American Routes Shortcuts: Ivy Billiot
This week on American Routes Shortcuts, in honor of the harvest and hallows, we travel down the bayou in Terrebonne Parish, Louisiana, to visit wood carver and Houma Indian Ivy Billiot. Ivy learned the Houma tradition of basket weaving from his father, and although the wood is scarce these days, Ivy still crafts hunting blow guns, violins, and painted carvings of animals. He tells host Nick Spitzer about his relationship to the natural and supernatural worlds.
Ivy Billiot: I got ways of communicating with animals and creatures and stuff, I just don’t know. When I go fishing, I just tell those fishes to open their mouths so I can take the hook out and the fish open his mouth and I take the hook out and he go “uh-uh” and he take off!
Nick Spitzer: What are your favorite birds to carve?
IB: The redwing, I like those red winged blackbirds. The red on there is like a red velvet, it’s like a velvet cloth. And the gold that’s on them, the white there? It’s like some fur on the red winged blackbird.
NS: Have you ever eaten the red winged black bird?
NS: ‘Cause a lot of people do eat those, you know.
IB: Yes, uh-huh. But my momma said not to kill those kinds of birds and I didn’t you know. And the mockingbird, she didn’t want us to kill no mockingbirds neither, she said that was a sin, that was the lord’s bird.
IB: I can listen to the bird and I can almost tell you what he’s saying. I had one of ‘em on the fence right there, he was talking to me one morning, I used to tell him good morning every morning, you know? And one morning, he turned around, he was chirping, he said, “don’t you talk to me like that.” I said, “what!?” I grabbed the rock and I threw it! I said I’m gonna get you in the pan, that’s what I’m gonna do with you! I heard him talk just like a person, yes.
NS: You know a lot about the animal world, tell me a little about that spirit world, I was thinking of what we call in French the Loup Garou - in English they call it the werewolf - have you ever known about the Loup Garou?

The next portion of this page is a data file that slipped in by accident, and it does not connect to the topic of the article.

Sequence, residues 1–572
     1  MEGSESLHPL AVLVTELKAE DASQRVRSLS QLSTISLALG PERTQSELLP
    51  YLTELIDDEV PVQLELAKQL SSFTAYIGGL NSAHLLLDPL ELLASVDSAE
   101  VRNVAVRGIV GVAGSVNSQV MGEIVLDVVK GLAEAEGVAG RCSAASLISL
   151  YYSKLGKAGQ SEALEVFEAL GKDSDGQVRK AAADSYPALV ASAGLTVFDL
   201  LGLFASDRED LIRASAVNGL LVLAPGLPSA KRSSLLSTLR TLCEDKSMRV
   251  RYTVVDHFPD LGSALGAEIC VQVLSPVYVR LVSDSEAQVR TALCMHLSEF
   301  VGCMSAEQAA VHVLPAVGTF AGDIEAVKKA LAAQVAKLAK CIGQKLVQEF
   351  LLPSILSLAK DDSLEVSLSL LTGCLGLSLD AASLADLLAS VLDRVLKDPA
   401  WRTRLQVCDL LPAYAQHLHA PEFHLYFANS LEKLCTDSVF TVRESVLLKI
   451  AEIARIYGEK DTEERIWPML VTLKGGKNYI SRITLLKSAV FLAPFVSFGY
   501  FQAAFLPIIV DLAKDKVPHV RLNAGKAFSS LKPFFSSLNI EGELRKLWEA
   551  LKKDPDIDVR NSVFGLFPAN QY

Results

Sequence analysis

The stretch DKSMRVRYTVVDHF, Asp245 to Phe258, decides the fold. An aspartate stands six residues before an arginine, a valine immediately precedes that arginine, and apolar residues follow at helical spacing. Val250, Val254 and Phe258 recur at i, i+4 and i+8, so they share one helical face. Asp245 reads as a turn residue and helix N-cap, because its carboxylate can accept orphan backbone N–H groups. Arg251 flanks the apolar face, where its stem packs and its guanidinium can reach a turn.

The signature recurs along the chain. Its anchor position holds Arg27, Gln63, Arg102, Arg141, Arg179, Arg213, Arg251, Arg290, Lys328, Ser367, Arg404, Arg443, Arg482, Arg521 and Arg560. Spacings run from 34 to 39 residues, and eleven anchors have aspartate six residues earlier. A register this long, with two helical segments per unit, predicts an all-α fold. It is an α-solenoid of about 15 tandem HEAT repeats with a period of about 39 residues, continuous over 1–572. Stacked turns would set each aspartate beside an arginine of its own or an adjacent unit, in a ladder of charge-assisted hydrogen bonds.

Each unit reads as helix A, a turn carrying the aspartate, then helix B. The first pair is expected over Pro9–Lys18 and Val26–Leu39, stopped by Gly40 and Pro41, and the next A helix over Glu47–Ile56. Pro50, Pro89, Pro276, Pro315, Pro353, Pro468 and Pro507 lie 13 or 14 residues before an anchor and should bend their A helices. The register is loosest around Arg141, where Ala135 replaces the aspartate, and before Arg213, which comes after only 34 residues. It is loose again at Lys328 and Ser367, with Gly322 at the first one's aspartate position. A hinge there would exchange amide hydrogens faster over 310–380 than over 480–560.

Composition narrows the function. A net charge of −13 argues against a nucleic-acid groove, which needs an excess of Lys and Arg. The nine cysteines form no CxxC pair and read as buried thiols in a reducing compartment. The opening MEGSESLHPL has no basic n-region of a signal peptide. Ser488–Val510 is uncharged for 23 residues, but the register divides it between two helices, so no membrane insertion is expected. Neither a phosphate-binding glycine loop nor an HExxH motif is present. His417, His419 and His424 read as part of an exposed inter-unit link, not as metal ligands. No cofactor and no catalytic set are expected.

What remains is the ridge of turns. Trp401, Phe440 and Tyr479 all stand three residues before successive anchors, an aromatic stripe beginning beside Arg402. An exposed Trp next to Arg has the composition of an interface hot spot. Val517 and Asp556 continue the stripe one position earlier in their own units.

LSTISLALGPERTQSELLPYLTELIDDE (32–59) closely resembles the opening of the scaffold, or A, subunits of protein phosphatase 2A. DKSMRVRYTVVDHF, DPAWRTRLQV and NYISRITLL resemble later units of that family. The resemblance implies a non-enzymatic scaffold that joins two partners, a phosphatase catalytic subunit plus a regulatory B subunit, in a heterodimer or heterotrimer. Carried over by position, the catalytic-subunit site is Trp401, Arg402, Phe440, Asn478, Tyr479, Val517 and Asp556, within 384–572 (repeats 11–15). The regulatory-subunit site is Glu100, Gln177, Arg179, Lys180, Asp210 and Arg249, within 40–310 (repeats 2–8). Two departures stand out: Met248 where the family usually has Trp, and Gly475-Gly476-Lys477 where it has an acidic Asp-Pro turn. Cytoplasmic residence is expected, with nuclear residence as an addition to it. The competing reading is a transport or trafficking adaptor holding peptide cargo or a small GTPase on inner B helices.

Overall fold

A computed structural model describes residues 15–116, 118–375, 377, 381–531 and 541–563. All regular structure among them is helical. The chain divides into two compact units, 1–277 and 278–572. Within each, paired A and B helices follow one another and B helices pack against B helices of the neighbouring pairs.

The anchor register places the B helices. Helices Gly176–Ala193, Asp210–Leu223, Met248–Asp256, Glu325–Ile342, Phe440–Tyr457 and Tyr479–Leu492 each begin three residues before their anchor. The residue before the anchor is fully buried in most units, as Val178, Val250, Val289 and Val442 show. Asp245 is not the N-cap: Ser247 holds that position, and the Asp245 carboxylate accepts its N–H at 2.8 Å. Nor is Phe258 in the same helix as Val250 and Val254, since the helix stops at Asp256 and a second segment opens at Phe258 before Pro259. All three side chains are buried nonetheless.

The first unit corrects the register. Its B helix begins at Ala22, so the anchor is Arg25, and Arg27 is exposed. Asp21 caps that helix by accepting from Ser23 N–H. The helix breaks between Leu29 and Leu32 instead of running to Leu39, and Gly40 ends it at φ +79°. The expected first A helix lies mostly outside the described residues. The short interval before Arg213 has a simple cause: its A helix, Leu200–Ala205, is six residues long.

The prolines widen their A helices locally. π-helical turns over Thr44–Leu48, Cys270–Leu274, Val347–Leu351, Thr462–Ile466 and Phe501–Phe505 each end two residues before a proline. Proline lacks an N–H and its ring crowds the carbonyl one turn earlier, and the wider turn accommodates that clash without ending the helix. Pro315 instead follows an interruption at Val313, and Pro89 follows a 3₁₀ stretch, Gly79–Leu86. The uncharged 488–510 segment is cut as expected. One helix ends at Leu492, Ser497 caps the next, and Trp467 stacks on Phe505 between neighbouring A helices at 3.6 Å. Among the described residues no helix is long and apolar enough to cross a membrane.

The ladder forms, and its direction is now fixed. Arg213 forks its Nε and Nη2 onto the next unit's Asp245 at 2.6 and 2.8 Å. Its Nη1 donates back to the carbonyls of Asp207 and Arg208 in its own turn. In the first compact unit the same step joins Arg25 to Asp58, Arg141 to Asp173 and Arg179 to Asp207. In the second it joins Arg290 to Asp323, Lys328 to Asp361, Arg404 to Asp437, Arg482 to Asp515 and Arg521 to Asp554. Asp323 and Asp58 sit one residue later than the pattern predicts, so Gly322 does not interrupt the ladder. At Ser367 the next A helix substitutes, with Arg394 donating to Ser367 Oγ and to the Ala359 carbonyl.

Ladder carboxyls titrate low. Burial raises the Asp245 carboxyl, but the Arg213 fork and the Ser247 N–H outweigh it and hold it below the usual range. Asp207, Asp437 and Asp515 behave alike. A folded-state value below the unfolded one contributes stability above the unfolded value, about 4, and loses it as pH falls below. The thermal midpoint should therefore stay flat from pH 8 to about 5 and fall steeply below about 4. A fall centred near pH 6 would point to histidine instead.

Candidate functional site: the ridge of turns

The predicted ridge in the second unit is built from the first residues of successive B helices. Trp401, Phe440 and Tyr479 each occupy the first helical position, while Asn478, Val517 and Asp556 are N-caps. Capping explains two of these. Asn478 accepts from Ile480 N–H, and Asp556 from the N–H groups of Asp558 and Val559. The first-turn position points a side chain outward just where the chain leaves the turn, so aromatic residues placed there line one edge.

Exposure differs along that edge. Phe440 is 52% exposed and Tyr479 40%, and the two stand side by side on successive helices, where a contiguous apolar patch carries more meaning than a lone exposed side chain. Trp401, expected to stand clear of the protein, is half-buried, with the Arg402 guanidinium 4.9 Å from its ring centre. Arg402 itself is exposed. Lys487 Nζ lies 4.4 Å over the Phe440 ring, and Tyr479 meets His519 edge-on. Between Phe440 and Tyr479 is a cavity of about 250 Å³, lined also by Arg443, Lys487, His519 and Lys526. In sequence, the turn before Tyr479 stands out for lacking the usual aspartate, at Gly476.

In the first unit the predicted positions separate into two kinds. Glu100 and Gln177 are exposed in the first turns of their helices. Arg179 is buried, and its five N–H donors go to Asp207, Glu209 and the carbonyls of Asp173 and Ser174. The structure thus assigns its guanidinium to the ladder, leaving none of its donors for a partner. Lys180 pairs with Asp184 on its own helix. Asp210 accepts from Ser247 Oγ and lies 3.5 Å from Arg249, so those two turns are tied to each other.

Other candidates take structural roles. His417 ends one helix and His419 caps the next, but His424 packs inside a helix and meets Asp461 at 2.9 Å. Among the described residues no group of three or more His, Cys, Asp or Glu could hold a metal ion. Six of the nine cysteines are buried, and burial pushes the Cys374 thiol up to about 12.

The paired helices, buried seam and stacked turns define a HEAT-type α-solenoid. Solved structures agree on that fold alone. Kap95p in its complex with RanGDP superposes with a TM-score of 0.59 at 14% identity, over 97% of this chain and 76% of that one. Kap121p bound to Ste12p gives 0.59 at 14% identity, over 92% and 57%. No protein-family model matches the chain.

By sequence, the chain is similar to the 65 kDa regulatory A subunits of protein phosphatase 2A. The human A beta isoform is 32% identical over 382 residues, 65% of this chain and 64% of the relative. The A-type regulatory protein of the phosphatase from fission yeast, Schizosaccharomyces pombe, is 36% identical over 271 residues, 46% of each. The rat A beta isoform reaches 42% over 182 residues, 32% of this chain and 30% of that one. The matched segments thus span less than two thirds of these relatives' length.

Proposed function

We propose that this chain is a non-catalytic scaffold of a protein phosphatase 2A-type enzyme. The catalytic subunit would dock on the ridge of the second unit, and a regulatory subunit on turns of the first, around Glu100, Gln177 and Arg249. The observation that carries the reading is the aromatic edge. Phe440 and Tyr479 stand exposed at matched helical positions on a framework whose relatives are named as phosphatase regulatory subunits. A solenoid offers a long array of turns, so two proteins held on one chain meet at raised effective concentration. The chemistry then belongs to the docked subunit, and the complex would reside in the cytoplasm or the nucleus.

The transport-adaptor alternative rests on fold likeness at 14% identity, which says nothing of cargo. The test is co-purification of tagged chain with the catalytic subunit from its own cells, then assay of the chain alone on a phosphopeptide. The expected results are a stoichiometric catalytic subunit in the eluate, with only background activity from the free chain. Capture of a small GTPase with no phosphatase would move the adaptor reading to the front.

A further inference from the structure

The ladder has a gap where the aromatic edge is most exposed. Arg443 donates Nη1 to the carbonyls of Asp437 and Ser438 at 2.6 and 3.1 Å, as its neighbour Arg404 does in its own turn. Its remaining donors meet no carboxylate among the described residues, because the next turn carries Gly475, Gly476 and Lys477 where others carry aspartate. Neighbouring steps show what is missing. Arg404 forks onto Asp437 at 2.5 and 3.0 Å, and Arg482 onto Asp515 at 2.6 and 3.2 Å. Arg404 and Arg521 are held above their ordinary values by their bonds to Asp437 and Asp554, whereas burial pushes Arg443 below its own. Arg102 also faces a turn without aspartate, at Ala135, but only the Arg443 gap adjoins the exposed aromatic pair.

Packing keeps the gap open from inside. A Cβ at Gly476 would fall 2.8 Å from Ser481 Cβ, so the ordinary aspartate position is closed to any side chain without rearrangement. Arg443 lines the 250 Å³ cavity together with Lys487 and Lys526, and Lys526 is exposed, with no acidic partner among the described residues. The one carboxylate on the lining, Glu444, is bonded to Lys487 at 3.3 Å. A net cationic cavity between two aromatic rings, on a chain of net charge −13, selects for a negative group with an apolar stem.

IB: A Rougarou is somebody who turns into an animal or another creature you know? My daddy said they had one down in Grand Calliou, a man, he used to walk Grand Calliou with him sometimes, you know meet him down the road. They thought he was just a regular man that was on the side of the road, so they walk with him you know? He get to a certain point, the next thing you know it was a dog that was walking with him. And sometimes it was a cow or a bull, you know? and then he just disappeared you know, brrumpshh!
NS: When you’re talking about the Loup Garou, or Rougarou as you say, how does somebody turn form a person to an animal? What causes that to happen?
IB: Too much religion. Too much religion. Believes to much in prayers and all that. And the demons and all that. You know, the lord took this planet from the animals and we still got that animal deal inside of us.
NS: So do you think there’s RouGarou around today in Houma and this area?
IB: I’m quite sure.
NS: What do you think is the future of life here on the coast, South Louisiana, for the Houma people?
IB: I don’t know. It seems like they say within a few years, Houma’s gonna be underwater. I don’t know. Next hurricane…
NS: Katrina was pretty rough here, but the one that was really harder on this area came after Katrina.
IB: Yes, we had it bad over here.
NS: Comment s’appelait l’ouragan?
NS: Yeah, what happened in this area from Gustav?
IB: High water, wind. They almost didn’t have nothing down there. It devastated the road, the highway was out. They said the levees failed, but I don’t think it’s the levees that does that. The God don’t need those levees to stop that water. It’s gonna come from another direction. They gonna find out exactly what the God can do.
NS: Ivy Billiot, thanks for visiting with me here
IB: I sure appreciate it
To hear the full program, tune in Saturdays at 7 and Sundays at 6 on WWNO, or listen at americanroutes.org.